The sociolinguistic stratification of a connected speech process - The case of the T to R rule in the Black Country


This paper examines the connected speech process described by Wells (1982b) as the T to R rule in the West Midlands speech variety associated with the Black Country. The T to R rule is well known as a linguistic marker of local varieties of the middle and far north of England. Less well understood is its position in the phonological systems of Midlands varieties. Varieties of the Midlands of England are underresearched in comparison with varieties of the north, and what is known about the application of the T to R rule in this transitional dialect area is correspondingly nebulous. This paper focuses on the Black Country area, and examines the possible outputs in the contexts which give rise to /t/ becoming [?] in local varieties of the north. I examine the written and spoken evidence which suggests that the T to R rule does indeed operate in the Black Country variety. My analysis focuses on possible phonetic outcomes of the T to R rule across time. In my conclusion, I discuss briefly the possibility that, lying on a bundle of isoglosses separating north from south, the variety of the Black Country reflects this in that a T to [?] rule, rather than a T to R rule, is the dominant output of this connected speech process in the Black Country.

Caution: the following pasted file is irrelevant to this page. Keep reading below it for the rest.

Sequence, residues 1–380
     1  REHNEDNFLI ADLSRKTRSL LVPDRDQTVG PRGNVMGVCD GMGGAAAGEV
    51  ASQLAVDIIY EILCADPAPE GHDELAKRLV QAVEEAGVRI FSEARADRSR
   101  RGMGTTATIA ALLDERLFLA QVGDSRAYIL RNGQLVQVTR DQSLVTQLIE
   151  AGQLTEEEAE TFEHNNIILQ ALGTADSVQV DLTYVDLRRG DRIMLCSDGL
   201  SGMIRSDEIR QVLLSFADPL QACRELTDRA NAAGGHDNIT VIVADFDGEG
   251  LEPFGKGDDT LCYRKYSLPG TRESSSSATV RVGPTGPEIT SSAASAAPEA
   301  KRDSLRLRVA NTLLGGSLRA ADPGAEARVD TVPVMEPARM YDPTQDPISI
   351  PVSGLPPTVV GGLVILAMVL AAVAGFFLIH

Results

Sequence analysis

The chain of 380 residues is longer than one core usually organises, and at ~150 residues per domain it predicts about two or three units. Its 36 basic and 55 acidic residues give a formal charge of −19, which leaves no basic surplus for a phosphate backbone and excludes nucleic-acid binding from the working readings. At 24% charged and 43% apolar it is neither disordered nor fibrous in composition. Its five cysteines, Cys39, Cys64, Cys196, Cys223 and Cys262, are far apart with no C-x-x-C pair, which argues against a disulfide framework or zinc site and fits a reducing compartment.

Divisions: ?? 53981500Jl ??
College of Business and Social Sciences > School of Social Sciences & Humanities > Centre for Critical Inquiry into Society and Culture (CCISC)
Uncontrolled Keywords: connected speech process,Wells,West Midlands,speech variety,Black Country,T to R rule,linguistic marker,local varieties,England,phonological systems
Publication ISSN: 1747-9339
Last Modified: 17 Jul 2024 07:02
Date Deposited: 17 Mar 2010 12:40
Full Text Link:
Related URLs: http://www.leed ... PL/WP2008/7.pdf (Publisher URL)
PURE Output Type: Article
Published Date: 2008
Authors: Asprey, Esther C.

Export / Share Citation


Additional statistics for this record